by Philip Boxer
In the previous blog I introduced the whole economy of leadership. Here I outline a case showing my diagnostic use of this economy.
The case is about a non-profit organisation that had developed a model for providing long-term psychodynamic psychotherapy to the street homeless. It was par excellence an edge organisation, providing an organisational platform that sought to align the needs of funders, psychotherapists-in-training, homeless shelters and traumatised individuals. The following describes the four different forms of ‘truth’ within a domain of relevance with which members of the organisation were identified:
The members of the organisation were identified with different aspects of the work of enabling the homeless to bear their traumas through the use of long term psychodynamic psychotherapy. Within this chosen domain,
- Volunteer psychotherapists in training worked with homeless persons for up to 2 years – the ‘WHAT’.
- Management used a model that provided assessment (of need), supervision (of volunteers) and support (to the whole process) – the ‘HOW’.
- Driving all this was the relation to the particular form taken by the needs of the street homeless, for example shaping where and how these needs could be encountered – the ‘WHY’.
- Who the organisation could be for whom was determined by the way funders were prepared to fund its work – the ‘WHO/M’. So what was the problem?
I was a Board member, and the challenge we faced in common with many other non-profits was a change in the way funding was made available, with the attendant changes this demanded in strategy. This case was essentially about a failure of strategy – hence the homelessness.
Previously, funders had been prepared to pay for the whole service as a ‘good thing’ – this was the history that both the Director and the Board were familiar with. But funders were increasingly wanting to link their funding to outcomes related to specific projects. The difficulty was that the needs presented by the homeless were multi-sided, and not easily fitted into simple output measures. To be effective, the work being done had not only to address the homeless person’s direct need, but also to meet their indirect needs by the way the work ‘fitted’ alongside other things being done, for example arranging accommodation and food, managing addictions and addressing health needs. This was not only a complex ‘narrative’ that was difficult to get funded. It also demanded edge-driven collaboration between multiple organisations.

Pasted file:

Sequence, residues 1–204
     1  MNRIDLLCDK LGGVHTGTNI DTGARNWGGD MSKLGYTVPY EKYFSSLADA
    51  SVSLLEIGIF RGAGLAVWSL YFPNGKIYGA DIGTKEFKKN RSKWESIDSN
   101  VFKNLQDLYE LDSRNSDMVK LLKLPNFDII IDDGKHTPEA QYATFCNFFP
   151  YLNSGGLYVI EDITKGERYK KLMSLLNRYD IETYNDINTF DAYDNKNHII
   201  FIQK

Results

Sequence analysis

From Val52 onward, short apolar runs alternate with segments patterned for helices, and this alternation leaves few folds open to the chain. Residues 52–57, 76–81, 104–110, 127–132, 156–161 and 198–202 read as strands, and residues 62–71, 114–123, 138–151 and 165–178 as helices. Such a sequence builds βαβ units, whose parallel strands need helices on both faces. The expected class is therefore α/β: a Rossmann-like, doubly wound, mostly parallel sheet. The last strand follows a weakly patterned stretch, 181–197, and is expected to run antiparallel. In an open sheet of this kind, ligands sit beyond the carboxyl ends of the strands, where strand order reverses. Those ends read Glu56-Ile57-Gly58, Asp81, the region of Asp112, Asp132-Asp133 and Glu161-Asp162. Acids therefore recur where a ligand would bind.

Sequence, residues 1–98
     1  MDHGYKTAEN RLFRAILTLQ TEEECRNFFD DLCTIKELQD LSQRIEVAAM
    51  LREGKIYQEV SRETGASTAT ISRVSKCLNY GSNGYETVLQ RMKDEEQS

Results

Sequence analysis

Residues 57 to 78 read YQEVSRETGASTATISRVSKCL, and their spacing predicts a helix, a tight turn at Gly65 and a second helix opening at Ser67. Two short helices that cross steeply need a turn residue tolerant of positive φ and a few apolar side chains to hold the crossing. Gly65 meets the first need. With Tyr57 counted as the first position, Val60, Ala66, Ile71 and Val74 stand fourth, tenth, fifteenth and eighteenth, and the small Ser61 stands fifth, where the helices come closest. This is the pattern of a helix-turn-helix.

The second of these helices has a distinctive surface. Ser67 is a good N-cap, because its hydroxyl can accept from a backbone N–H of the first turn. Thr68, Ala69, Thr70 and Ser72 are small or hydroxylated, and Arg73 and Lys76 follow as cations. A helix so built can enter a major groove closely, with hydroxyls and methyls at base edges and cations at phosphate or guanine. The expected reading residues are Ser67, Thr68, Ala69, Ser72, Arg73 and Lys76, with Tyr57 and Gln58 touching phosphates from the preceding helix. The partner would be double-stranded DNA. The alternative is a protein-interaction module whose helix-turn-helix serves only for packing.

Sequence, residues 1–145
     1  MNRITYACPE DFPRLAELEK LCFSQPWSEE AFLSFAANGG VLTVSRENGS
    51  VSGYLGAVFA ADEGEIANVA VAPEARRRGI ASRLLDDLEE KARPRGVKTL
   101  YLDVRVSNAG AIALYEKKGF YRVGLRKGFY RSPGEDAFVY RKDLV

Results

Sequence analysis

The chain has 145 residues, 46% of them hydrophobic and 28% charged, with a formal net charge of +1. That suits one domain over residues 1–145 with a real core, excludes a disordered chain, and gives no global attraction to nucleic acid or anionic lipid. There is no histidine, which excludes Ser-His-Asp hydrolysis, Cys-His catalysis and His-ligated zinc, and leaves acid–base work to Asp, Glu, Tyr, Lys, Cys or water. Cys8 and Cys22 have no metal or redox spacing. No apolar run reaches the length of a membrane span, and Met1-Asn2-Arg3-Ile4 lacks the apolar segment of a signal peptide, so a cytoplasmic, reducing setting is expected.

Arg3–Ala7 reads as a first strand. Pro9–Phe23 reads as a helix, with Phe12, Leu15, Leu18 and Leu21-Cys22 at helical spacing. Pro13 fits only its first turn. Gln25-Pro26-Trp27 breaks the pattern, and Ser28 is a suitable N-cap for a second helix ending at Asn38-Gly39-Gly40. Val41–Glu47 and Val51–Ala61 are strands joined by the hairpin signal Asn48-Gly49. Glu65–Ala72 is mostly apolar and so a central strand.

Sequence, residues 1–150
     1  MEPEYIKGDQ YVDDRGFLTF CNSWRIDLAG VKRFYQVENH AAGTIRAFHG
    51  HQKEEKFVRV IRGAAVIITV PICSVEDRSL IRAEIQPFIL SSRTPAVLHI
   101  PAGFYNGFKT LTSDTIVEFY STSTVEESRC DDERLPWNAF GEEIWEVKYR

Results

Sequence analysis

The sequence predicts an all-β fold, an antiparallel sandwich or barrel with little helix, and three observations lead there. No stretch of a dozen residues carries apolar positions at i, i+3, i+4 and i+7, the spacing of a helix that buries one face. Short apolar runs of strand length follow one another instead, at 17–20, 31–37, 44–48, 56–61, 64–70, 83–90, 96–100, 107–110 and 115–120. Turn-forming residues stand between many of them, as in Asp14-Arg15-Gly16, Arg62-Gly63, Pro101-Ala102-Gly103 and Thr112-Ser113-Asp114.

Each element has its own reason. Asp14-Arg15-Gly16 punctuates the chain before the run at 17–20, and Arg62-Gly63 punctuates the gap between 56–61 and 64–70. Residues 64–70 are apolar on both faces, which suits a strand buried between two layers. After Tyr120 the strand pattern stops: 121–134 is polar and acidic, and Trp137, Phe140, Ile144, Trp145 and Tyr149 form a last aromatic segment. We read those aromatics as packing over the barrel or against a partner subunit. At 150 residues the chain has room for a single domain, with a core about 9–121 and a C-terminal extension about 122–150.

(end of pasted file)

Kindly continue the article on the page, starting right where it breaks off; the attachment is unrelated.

The organisation needed to get funders involved with its work. But to do this, it needed to make its models more dynamically responsive to the multi-sided nature of the needs being presented by the homeless, so that its role within the larger ecosystem could become clearer. In terms of the network-forming leadership roles, this demanded triple-loop learning of the organisation. In practice, however, the attachment of the Director and the Board to old ways of thinking about the service made this impossible, the organisation continuing single-loop behavior under its founding model. It was not able to be strategic:
A closer look at the full economy of leadership shows why this was the case. The full economy adds in the network-enabling forms of leadership and the relationships within the economy as a whole, the anti-patterns of leadership being shown in square brackets. It shows how the organisation was split:
- The ‘heart’ of the organisation was in the volunteers’ work with the clients under supervision. For the volunteers this was a valuable extension to their training. ‘Management’, whether in the role of the Senior Management Team (SMT) or by Administrators, belonged to a different kind of agenda, being inimical to the volunteers’ work but suffered by them as necessary to complying with Board requirements. The disconnect between the work with clients and the SMT was symptomatic of this. Equally, the agenda of the volunteers in extending their training had no real relationship to the Board’s view of the organisation.